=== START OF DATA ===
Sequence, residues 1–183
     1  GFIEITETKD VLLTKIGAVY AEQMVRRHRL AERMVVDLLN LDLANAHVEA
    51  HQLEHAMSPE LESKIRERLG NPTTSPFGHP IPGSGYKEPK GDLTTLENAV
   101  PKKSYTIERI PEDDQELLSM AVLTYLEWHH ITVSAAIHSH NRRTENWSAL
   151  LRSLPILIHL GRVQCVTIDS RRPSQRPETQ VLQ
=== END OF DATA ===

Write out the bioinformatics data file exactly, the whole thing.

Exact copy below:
Sequence, residues 1–183
     1  GFIEITETKD VLLTKIGAVY AEQMVRRHRL AERMVVDLLN LDLANAHVEA
    51  HQLEHAMSPE LESKIRERLG NPTTSPFGHP IPGSGYKEPK GDLTTLENAV
   101  PKKSYTIERI PEDDQELLSM AVLTYLEWHH ITVSAAIHSH NRRTENWSAL
   151  LRSLPILIHL GRVQCVTIDS RRPSQRPETQ VLQ